Sow a magical wildflower meadow in your own country garden

Be inspired by these top tips and beautiful images to create your own little wildflower haven.

Traditional meadows evoke happy memories of countryside picnics, surrounded by the striking colours and heady scents of Britain's most beautiful wildflowers. Despite what some might think, you don't need rolling acres of garden to create your own magical meadow retreat. Country Homes & Interiors share their top tips and inspirational ideas to get you started.

1. A patch of grass in an open sunny position is the perfect environment for meadow plants. Avoid sites under trees as these will be too dark and dry.

red stone house with a beautiful garden

(Image credit: TBC)

2. Sow native seeds. Pick up pretty mixes from local garden centres and wildflower specialists, such as Meadow In My Garden, a family-business based in Wiltshire – the friendly team are on hand to share their wealth of wildflower knowledge with you.

Alternatively, gather seed of wildflowers you love in the local area, but be sure to get permission from the landowner first. Leave them somewhere cool to dry out before sowing.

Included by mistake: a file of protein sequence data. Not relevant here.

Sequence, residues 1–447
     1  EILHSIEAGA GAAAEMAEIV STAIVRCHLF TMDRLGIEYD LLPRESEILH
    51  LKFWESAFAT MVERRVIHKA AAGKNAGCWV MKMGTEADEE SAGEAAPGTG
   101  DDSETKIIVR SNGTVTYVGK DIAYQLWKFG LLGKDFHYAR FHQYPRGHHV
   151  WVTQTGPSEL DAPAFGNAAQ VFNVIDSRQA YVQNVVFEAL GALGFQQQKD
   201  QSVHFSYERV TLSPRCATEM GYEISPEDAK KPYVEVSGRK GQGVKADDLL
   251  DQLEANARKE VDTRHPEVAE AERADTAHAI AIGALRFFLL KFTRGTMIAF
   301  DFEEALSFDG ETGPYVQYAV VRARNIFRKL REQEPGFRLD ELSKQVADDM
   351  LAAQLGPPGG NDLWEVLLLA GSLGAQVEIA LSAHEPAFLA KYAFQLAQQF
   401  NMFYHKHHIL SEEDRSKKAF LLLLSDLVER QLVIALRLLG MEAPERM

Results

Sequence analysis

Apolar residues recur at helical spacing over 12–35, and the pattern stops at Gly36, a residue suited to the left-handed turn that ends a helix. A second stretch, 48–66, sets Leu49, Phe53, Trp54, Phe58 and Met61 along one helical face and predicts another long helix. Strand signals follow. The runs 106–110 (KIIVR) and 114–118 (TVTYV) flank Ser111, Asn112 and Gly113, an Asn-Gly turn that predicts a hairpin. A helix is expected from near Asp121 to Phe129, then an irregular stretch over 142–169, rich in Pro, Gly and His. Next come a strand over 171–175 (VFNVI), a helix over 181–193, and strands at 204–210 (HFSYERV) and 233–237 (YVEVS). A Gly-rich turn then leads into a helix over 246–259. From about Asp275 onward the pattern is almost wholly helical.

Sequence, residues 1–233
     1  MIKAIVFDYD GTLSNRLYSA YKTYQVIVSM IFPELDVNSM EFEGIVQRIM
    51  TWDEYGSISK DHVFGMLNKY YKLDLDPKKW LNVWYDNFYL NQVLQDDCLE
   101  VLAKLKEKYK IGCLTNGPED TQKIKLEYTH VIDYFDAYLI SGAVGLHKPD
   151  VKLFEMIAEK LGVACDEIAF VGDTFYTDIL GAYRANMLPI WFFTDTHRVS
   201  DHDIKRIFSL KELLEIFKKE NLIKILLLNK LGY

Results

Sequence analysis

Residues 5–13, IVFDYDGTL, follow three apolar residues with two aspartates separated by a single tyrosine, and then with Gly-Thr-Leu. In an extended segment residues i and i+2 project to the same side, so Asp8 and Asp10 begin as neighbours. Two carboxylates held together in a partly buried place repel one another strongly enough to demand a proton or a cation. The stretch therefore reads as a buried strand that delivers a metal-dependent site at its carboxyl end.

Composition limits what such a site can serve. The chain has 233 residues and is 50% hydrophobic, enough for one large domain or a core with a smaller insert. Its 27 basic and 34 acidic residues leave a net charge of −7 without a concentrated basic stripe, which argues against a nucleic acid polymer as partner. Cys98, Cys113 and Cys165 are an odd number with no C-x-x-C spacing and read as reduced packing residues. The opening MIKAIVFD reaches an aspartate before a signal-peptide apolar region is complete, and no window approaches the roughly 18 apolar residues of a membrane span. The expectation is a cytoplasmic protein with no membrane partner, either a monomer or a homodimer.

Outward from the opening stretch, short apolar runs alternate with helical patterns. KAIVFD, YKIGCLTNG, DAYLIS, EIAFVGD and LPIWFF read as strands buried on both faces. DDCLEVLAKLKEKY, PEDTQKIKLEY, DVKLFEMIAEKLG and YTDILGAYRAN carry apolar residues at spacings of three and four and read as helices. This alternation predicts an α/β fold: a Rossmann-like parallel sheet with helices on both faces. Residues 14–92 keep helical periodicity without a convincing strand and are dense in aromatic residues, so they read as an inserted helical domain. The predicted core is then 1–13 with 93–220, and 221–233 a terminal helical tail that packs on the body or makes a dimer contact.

beautiful wildflowers growing in a meadow

(Image credit: TBC)

3. Not only are mini meadows beautiful to look at, they also offer shelter and food for all manner of countryside creatures. Nectar-rich plants such as red clover, greater knapweed and bird's foot trefoil help bees, birds and butterflies thrive. Plant yours near a window or set up a little table and chairs nearby to enjoy a spot of wildlife watching.

4. Once your meadow is established, it's actually much easier to maintain than a traditional lawn. Let it flourish as nature intended, only cutting it back once or twice throughout autumn and winter.


5. If you're limited on lawn space, why not grow a micro meadow in window boxes, hanging baskets or container pots? Choose vibrant flowers such as wild daffodil and foxgloves to bring a touch of brightness to sills, doorways and patios.

Feeling inspired? Visit The Royal Horticultural Society for further advice and information.